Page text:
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The Covid-19 crisis brought about unprecedented reductions in CO2 emissions and energy consumption, benefiting renewables. This effect may be temporary however – but it could also mark the beginning of an ecological transition compatible with safeguarding the planet.
Eurostat has just published the 2020 report on EU progress towards the Sustainable Development Goals. Those where it has underperformed particularly affect women.
Europe is set to lose up to 15,000 km of shoreline due to erosion. The UK, France, Greece, Spain and Italy will be especially affected. And European holidaymakers will find less sand on beaches during their trips to warm destinations around the world.
European countries are set to invest up to €2.82 billion per year until 2100 to avoid losing as much as €1.27 trillion due to climate-driven coastal flood damage, a new analysis by the EU Joint Research Center shows.
In more than 35,000 European municipalities, average temperatures have risen by more than 2°C over the last fifty years. From big cities to small villages, the climate crisis reaches every corner of Europe – but citizens are rising up, and people in power are finally taking action.
Key climate hazards are already affecting Europe and will increasingly do so, a series of maps published by the European Environment Agency reveals. Impacts, calculated through different scenarios and models, can only be reduced by keeping the global temperature increase well below 2°Cs.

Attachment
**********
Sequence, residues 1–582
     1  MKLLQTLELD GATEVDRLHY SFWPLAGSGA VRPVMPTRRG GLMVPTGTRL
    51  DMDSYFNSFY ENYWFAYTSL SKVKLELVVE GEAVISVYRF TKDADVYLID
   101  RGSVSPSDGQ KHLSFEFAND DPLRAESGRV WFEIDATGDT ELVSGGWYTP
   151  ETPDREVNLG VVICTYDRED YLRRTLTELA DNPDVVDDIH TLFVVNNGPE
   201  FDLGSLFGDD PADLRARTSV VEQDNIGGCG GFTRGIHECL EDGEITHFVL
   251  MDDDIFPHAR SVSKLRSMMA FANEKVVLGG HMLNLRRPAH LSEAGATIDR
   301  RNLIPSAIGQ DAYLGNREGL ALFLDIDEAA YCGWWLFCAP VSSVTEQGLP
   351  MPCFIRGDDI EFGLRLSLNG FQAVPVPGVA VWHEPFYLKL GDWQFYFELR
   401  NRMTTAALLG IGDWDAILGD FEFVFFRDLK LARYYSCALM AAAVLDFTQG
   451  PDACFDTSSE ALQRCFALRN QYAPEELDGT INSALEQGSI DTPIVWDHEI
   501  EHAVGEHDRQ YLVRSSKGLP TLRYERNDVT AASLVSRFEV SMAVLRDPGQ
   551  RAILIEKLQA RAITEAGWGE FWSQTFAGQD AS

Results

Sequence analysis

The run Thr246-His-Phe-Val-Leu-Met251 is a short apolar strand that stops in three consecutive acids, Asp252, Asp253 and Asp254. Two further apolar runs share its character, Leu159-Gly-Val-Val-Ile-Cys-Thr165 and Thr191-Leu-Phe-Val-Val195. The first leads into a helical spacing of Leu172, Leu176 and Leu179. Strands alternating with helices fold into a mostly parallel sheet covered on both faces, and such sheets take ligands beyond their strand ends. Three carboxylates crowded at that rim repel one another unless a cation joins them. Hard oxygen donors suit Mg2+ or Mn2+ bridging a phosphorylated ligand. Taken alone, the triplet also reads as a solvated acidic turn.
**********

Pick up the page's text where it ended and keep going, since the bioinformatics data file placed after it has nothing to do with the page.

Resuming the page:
An update on the temperature data from 558 cities and their surroundings in Europe shows that 2018 was the warmest year since 1900 in 203 cities. Local response to the climate breakdown varies widely, according to a survey of a 61 local authorities in six countries by the European Data Journalism Network.
An exclusive analysis of over 100 million meteorological data points shows that every major city in Europe is warmer in the 21st century than it was in the 20th. Subarctic regions, Andalusia and southern Romania are most affected.
Longer uninterrupted heat periods in Slovenia will be increasingly frequent and intense. The country does not have an integrated strategy to combat climate change yet.
In the coming years, Slovenian citizens will experience a whole range of negative effects of climate change, including heat waves, winters without snow, droughts, floods and other extreme weather events